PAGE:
The benefits of Collaborative Divorce can be difficult for clients to appreciate in advance. Seeing and appreciating how a joint problem-solving negotiation differs from adversarial and transactional negotiation in substance and result is far easier in retrospect.
In simplistic terms, a joint problem-solving negotiation (aka an “interest-based” negotiation) is a negotiation where everyone clarifies the issues that need to be resolved, the resources available to solve them, and the goals for the parties before trying to create solutions. It structures the issues as joint issues to be resolved together.
An adversarial or transactional negotiation (aka “traditional” legal negotiation) is one in which each party is only trying to accomplish their goals and obtain the largest portion of the resources possible.
As I was helping my daughter study for an AP Psychology test recently, I came across two terms that succinctly highlight the differences between the two negotiation approaches. (As an aside, if you want to find out how much you’ve forgotten since college, help your kid study for a high school test; I was a psychology major and it was humbling).
The first term is The Door in the Face Technique. This is a compliance and negotiation strategy in which a party intentionally asks for a strategically and unreasonably large concession so that their next request seems reasonable by comparison. This is a favorite of most legal negotiators and is, in my experience, the backbone of most divorce negotiations and mediation in North Carolina. This approach is designed to trick one or both parties into believing that they’ve obtained valuable concessions from the other party. However, the concessions are false because the starting request was false.
The second term, which lies in contrast to the Door in the Face Technique, is the idea of Superordinate Goals. These goals are the most valuable and broad goals that can only be achieved when parties in conflict see their common goals and work together to meet them. Superordinate goals are a primary focus of interest-based negotiation and Collaborative Divorce.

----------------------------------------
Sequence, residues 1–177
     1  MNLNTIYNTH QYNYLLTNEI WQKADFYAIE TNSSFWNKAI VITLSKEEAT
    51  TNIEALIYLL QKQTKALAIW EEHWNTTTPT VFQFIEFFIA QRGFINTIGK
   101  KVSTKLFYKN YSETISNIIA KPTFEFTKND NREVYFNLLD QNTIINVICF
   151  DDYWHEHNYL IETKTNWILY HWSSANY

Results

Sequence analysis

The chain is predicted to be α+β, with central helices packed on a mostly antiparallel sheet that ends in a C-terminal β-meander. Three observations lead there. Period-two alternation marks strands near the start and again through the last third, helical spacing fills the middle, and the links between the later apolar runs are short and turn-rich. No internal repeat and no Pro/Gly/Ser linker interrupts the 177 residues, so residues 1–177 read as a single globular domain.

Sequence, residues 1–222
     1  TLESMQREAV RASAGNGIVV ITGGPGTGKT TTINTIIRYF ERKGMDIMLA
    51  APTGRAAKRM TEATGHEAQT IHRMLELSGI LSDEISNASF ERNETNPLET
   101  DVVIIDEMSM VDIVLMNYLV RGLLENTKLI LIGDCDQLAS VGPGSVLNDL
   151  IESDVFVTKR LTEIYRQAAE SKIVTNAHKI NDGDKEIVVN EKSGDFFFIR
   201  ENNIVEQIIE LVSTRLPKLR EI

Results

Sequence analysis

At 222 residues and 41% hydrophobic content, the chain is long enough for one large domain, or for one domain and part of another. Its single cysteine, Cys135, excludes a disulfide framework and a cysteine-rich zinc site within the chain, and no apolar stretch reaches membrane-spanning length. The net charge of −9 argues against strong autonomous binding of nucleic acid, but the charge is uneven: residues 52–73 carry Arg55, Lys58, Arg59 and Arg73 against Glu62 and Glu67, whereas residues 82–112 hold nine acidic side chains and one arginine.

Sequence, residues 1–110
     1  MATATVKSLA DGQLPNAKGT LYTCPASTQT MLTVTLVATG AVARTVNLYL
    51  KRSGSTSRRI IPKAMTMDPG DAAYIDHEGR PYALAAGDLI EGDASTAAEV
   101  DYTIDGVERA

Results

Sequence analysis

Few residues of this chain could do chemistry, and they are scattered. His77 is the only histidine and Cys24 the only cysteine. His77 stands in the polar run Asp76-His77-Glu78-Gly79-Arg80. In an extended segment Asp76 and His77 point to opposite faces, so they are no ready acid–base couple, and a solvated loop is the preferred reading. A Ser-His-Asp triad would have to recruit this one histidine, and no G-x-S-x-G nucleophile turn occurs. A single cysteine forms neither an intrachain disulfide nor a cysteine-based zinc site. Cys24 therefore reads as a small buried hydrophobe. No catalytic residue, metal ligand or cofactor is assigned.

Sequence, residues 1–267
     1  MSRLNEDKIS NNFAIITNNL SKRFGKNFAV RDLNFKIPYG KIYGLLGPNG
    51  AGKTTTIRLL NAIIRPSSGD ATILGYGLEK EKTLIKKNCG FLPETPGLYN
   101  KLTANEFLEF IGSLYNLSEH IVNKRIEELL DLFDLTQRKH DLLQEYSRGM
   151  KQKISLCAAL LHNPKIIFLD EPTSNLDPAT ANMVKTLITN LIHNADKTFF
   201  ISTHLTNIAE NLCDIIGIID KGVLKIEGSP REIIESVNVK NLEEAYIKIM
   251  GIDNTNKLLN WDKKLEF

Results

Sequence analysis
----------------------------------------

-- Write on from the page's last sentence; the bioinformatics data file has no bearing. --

As I quizzed my daughter on these terms, I had a moment of clarity. I realized that my choice to leave an adversarial family law practice and focus on Collaborative Divorce some 12 years ago was largely based on my desire to help families focus on superordinate goals as a part of their divorce, and avoid the bad faith, sharp dealing, hard feelings, and destruction that comes with the Door in the Face Techniques.
To be sure, Door in the Face Techniques may have their place in some negotiations. Car dealerships, personal injury settlements, and many business negotiations use this technique daily. And that may be fine for situations where the ongoing goodwill and daily working relationship of the parties do not matter.
But, in situations like divorce, where the ongoing goodwill and relationship of the parties is crucial to both their health and the health of their children (not to mention the health of their financial nest egg), focusing on superordinate goals instead of slamming doors is the more productive negotiation for most people.
In my experience in my former life as a litigation attorney, I found that almost every case I had begun and ended with Door in the Face (usually in a letter or draft agreement from the other party’s attorney). Most divorce attorneys either did not recognize that the parties could have mutual goals, or they chose to believe that such goals were a necessary casualty of the fight. There was certainly no discussion of superordinate goals between the attorneys in a negotiation.
Certainly, some clients do not want to focus on superordinate goals, and their desire to utilize Door in the Face techniques and leveraged negotiations makes them poor matches for an interest-based negotiation.
But, in my experience, those families are the exception to the rule. Most families can readily identify their superordinate goals and are willing to pursue them collaboratively IF the other party agrees to do the same.
If you are facing a possible separation or divorce, give some thought to your superordinate goals and whether you would like to pursue those or prefer to start slamming the doors of negotiation. If you prefer to blend the pursuit of superordinate goals into your negotiation, then contact a Collaborative Divorce attorney in your area to discuss how to do that.
*This blog was originally published here by The Law Offices of Randolph Morgan III.